Bay County is celebrating it's 100th anniversary this year and the supervisor of elections, Mark Andersen, is preparing for a historical lesson in local elections that might shock some.
Andersen and his employees have been working on the project for two months and during the process, they stumbled upon some old ballots and documents that tells the eye-opening story of unequal treatment for women and minorities.
"Just the history of Bay County is amazing what I've learned you know, what I thought I knew compared to what I do know now," said David Solots, a precinct election official. "Just so many things that have changed my outlook on how the county was set up and all that."
Several items caught Solots by surprise, like the amazing accuracy of the work, even though elections were all done by hand, but other things were more shocking.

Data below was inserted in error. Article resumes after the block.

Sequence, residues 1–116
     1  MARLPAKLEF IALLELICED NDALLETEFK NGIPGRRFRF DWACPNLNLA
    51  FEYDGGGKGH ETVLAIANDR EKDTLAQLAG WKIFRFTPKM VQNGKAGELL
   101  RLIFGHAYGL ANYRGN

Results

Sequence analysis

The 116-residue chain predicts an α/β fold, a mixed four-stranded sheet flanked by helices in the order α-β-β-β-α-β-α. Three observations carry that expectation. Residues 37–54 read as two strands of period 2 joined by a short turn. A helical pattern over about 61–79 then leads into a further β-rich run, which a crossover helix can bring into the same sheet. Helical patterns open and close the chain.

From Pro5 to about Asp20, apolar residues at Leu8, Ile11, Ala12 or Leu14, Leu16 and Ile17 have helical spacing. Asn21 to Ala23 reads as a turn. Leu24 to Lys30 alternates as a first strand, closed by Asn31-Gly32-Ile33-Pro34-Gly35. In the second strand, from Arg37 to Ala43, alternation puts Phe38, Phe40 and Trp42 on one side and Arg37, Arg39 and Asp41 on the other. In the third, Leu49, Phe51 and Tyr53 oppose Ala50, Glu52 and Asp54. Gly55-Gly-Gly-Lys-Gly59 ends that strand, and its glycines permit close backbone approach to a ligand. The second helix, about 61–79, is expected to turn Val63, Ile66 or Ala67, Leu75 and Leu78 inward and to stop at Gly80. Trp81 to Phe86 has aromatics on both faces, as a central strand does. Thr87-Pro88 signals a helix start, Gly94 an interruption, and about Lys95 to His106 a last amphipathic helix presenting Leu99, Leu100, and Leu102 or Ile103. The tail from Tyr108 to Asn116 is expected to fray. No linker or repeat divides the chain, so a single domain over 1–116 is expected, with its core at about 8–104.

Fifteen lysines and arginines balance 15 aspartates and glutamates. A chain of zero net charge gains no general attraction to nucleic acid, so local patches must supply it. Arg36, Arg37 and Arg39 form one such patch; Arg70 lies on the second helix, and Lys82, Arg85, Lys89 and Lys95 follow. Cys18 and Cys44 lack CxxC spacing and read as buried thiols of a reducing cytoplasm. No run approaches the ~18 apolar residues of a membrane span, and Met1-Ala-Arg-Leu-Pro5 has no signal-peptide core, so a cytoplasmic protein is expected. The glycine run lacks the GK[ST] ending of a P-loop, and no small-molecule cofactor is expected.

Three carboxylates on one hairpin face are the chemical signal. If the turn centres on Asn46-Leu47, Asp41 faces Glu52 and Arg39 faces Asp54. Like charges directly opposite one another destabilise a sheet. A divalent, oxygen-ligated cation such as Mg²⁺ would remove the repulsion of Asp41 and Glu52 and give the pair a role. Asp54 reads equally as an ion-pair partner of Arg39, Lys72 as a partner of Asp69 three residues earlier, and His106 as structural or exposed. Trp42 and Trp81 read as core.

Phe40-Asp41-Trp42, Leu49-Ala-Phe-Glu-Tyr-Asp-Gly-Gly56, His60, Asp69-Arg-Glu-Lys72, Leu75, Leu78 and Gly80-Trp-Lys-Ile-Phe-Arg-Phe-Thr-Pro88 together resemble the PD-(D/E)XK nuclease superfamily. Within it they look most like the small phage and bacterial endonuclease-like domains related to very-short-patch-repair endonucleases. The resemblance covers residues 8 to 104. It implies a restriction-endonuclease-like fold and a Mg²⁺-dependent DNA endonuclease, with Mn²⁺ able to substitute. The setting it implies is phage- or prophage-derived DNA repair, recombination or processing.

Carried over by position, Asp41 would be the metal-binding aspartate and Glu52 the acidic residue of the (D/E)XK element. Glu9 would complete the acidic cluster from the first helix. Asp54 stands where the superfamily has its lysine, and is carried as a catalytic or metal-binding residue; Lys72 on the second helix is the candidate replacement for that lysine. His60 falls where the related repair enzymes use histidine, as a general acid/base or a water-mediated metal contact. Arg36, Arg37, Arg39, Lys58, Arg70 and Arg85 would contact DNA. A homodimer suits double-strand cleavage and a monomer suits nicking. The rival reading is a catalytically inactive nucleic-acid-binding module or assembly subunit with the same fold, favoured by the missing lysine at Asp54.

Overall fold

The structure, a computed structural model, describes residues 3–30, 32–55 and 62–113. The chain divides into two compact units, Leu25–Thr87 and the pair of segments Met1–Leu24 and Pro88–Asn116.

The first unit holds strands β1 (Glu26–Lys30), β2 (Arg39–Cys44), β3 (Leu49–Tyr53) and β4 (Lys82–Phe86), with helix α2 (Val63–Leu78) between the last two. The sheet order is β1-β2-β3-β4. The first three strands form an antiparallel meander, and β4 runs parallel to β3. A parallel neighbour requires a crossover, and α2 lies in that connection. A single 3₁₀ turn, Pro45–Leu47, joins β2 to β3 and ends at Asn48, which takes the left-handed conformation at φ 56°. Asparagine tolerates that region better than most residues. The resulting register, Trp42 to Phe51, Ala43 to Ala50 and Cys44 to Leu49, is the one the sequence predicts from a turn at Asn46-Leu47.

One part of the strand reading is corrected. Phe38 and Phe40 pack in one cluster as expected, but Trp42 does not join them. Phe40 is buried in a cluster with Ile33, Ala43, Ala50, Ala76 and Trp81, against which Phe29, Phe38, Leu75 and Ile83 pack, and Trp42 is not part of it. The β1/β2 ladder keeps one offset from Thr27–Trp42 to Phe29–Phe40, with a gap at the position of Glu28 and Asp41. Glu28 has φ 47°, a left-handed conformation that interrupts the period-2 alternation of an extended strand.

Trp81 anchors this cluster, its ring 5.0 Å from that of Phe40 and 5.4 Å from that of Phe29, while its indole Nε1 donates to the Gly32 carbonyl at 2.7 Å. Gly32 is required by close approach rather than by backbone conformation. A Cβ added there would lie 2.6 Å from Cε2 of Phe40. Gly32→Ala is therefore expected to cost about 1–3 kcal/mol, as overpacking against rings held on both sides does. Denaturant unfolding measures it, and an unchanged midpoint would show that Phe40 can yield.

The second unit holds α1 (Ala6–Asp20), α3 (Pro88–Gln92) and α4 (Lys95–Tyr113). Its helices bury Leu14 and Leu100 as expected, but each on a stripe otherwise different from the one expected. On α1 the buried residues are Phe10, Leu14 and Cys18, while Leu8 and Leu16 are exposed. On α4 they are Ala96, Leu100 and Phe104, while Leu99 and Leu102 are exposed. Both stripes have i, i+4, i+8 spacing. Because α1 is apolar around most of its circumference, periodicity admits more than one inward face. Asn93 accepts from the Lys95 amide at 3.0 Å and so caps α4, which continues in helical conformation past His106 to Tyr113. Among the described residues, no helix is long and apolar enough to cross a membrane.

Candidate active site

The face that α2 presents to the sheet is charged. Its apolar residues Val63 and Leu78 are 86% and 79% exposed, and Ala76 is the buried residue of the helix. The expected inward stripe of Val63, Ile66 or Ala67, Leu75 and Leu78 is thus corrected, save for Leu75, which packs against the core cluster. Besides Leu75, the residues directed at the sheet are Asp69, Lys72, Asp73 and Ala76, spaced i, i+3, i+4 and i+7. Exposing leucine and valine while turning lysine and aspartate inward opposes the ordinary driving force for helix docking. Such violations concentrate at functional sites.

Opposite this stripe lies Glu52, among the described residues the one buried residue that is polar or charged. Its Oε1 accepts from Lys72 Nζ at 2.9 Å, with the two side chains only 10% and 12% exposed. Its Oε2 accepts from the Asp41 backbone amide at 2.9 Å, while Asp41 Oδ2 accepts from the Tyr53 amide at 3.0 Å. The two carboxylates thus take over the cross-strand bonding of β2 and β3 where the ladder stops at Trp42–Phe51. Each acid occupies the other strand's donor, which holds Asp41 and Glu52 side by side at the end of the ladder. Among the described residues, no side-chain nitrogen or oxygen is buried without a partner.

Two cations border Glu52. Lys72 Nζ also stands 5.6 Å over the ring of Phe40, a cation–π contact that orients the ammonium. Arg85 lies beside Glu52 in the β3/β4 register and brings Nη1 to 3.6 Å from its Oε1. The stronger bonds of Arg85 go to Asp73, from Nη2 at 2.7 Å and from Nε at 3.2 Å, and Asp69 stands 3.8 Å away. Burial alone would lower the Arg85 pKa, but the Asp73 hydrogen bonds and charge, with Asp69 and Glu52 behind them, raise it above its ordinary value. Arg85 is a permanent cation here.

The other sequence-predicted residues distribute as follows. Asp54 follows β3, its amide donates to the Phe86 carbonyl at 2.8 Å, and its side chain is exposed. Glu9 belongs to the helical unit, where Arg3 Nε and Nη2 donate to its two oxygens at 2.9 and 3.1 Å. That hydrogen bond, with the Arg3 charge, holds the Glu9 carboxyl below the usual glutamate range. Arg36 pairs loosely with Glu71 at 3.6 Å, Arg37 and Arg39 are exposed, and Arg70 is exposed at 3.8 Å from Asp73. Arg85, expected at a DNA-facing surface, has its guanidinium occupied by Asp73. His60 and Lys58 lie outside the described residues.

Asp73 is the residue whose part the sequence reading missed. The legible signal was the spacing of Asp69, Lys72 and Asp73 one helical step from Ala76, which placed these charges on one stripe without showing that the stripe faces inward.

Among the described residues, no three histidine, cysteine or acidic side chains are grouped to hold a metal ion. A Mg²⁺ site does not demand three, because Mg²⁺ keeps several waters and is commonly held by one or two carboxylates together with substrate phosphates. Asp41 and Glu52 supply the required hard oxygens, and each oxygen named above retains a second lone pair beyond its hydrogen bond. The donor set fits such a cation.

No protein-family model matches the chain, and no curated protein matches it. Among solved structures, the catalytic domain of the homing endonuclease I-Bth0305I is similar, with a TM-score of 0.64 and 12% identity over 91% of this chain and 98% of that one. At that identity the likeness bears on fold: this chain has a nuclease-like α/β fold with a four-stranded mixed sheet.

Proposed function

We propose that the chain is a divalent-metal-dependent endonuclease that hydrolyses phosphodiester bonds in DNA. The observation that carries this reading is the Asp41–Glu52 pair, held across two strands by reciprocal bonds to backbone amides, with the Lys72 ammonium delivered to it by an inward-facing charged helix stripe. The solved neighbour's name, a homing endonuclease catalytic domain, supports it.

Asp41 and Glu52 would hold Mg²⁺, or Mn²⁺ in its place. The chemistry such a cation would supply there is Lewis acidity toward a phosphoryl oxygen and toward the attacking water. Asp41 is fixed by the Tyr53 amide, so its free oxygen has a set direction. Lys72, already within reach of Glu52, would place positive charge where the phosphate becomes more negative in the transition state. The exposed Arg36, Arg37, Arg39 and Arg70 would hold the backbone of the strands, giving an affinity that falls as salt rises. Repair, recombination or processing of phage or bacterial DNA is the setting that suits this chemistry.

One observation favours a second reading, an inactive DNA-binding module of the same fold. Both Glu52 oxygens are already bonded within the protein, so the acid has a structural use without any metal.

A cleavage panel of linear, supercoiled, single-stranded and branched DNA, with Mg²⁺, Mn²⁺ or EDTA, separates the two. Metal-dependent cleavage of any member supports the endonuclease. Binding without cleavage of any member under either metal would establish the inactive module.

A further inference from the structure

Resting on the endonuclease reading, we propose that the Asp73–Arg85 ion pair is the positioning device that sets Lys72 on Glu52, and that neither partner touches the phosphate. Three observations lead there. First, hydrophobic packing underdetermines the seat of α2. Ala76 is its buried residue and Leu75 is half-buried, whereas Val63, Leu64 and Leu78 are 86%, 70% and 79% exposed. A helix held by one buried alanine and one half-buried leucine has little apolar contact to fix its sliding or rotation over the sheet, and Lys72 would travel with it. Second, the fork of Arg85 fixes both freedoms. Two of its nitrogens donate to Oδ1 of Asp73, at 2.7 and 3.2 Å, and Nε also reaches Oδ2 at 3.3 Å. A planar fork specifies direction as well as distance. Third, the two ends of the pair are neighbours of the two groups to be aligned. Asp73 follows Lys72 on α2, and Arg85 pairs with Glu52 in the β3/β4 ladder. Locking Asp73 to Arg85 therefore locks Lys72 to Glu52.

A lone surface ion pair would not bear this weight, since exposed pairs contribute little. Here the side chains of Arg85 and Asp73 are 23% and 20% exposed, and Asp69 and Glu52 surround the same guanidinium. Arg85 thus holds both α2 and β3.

"A lot is just the small areas of town that no longer exist is one of the main things for me," said Solots. "There's 3 towns that are now a part of Tyndall Air Force Base that actually Tyndall says you're not a town anymore and asks them to leave basically. The cemeteries are still there and that's it."
But for others doing research, some of the more eye-opening information deals with how information was sorted.
"I didn't know that they put the races in the books until just going through the books and looking at the C's and W's," said production room deputy, Angela Speights.
You pick up pieces where it does set you back a bit and you start reading letters that are coming from the state where it says white democrat, colored democrat, white republican, colored republican, prohibition party and other parties," said Bay County Elections Supervisor Mark Andersen, while looking over the documents. "It really makes you start digging and looking in other areas."
Andersen says they hope to open the exhibit to the public in June. It will include information on elected officials and the first women voters in the area.